[The following does not necessarily reflect the opinion(s) of anyone who works for, or who has ever worked or volunteered for, Phish.net or The Mockingbird Foundation. It is dedicated to @RSTurner, who requested it. So blame him. It's entirely his fault. -Ed.]
“ÍT comes in threes,” some say about bad news.
First, there were several vicious, cowardly attacks on a few fans at the Gorge in July, possibly by one or more white supremacists who were apparently in attendance. Then there was the seemingly last minute cancellation in late August of what was promoted to be, and likely would have been, Phish’s greatest festival ever, Curveball, which led (among other things) to “Curvivors” commiserating for weeks about their (and our) unfortunate—and for many, truly heart-breaking—curveballing. And, now, there is the fake-covering of a fake album by a fake band with a fake backstory, in the all-hallowed second set of Halloween: a set with a legendary history, a history replete with Great Performances that are still wondrous to this day, years —even decades— later.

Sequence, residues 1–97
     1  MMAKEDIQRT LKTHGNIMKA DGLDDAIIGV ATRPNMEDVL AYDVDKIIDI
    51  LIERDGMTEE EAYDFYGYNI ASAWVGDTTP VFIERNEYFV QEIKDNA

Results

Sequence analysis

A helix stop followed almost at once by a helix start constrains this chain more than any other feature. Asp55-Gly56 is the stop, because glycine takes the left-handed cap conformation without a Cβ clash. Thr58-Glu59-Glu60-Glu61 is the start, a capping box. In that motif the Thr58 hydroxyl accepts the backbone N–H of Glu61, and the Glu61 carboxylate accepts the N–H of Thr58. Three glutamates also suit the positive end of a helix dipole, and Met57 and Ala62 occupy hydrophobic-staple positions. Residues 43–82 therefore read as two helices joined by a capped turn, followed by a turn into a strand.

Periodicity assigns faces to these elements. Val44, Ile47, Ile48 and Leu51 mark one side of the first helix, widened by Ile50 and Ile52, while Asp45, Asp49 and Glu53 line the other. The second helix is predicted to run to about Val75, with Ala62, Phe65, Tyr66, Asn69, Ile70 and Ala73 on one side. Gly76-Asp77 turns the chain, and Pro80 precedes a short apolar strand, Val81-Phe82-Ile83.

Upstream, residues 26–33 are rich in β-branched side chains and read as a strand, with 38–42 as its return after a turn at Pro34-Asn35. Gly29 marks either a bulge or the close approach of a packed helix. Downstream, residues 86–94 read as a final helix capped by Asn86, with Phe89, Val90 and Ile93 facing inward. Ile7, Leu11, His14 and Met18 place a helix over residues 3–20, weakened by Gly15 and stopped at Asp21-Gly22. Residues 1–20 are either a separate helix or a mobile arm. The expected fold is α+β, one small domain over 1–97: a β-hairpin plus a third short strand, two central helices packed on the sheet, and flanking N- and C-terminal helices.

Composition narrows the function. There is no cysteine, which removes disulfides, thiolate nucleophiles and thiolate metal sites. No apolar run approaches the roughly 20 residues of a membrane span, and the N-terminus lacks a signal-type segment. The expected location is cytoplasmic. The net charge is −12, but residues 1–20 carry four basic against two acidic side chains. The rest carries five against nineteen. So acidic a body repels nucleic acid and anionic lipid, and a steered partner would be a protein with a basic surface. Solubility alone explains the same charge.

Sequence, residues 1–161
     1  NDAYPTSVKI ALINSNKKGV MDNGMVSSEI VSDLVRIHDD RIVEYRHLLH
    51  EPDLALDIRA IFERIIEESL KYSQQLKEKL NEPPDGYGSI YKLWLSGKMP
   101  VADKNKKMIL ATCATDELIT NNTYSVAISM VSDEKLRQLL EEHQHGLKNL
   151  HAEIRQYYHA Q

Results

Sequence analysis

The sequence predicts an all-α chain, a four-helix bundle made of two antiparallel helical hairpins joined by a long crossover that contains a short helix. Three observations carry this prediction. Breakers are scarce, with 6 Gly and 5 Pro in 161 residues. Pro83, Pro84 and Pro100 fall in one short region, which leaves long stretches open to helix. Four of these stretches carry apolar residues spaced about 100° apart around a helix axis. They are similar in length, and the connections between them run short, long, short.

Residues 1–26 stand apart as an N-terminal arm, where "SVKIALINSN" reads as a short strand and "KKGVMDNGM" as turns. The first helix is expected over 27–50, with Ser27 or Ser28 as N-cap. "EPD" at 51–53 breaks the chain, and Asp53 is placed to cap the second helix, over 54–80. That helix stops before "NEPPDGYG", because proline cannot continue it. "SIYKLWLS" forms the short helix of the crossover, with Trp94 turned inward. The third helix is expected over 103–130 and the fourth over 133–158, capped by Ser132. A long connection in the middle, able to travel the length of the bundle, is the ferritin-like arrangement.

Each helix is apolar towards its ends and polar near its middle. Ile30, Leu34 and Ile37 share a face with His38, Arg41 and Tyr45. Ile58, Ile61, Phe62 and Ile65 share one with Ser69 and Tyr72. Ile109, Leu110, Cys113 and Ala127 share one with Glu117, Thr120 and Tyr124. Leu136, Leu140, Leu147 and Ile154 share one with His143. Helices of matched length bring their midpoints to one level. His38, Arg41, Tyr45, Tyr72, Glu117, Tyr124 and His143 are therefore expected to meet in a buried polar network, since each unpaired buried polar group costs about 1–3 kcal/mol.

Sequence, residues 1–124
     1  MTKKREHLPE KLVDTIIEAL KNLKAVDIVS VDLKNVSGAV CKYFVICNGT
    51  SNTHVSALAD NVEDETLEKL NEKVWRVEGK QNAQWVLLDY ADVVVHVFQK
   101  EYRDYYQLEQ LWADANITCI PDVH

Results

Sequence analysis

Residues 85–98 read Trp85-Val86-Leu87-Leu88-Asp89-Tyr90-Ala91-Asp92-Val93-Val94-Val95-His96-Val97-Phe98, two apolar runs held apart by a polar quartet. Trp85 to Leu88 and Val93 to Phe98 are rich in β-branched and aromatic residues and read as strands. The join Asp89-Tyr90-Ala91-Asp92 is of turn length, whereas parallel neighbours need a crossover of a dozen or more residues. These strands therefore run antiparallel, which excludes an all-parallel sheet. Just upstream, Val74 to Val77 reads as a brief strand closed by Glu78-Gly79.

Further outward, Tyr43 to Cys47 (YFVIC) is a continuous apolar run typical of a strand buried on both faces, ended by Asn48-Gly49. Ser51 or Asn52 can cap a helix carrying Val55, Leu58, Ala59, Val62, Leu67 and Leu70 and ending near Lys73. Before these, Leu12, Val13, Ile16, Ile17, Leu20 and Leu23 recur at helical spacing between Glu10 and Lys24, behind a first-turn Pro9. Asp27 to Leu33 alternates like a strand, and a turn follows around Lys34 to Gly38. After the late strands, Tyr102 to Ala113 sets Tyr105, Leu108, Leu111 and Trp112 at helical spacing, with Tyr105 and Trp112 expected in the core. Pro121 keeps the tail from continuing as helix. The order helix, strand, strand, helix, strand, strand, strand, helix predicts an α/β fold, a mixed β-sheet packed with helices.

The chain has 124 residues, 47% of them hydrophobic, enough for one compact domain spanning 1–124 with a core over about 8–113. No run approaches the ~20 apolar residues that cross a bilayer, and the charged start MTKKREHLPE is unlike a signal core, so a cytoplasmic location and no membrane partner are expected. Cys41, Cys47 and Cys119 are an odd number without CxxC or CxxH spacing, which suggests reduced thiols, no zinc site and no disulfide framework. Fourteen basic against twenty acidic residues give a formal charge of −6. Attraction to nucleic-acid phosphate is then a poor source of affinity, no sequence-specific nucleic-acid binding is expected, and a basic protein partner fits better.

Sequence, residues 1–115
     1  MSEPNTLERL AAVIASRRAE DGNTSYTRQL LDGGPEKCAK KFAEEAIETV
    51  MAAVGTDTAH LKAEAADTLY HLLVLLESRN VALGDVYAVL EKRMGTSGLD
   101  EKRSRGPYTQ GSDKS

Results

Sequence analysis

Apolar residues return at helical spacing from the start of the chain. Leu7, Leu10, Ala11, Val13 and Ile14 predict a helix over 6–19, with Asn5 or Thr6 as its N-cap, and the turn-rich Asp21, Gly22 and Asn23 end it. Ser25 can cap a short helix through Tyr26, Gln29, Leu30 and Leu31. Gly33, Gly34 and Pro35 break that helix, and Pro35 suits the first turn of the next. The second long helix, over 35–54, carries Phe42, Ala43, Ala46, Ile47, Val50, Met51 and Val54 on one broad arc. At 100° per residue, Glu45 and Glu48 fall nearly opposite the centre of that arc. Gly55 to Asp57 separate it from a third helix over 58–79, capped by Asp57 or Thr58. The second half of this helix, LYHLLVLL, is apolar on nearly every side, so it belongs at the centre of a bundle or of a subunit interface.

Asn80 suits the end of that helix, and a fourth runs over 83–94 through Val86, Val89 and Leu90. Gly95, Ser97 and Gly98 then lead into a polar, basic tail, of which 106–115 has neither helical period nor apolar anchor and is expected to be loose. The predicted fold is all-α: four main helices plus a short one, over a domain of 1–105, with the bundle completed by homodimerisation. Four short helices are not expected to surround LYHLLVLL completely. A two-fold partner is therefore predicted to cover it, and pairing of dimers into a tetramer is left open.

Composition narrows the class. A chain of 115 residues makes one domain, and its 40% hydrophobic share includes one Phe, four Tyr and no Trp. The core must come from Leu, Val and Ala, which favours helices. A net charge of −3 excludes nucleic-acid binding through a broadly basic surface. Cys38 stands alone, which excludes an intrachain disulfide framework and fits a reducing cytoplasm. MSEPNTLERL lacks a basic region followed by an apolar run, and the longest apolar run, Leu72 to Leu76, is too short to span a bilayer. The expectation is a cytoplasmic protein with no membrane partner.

Phish.net is a non-commercial project run by Phish fans and for Phish fans under the auspices of the all-volunteer, non-profit Mockingbird Foundation.
This project serves to compile, preserve, and protect encyclopedic information about Phish and their music.
The Mockingbird Foundation is a non-profit organization founded by Phish fans in 1996 to generate charitable proceeds from the Phish community.
And since we're entirely volunteer – with no office, salaries, or paid staff – administrative costs are less than 2% of revenues! So far, we've distributed just about $1,500,000 to support music education for children – hundreds of grants in all 50 states, with more on the way.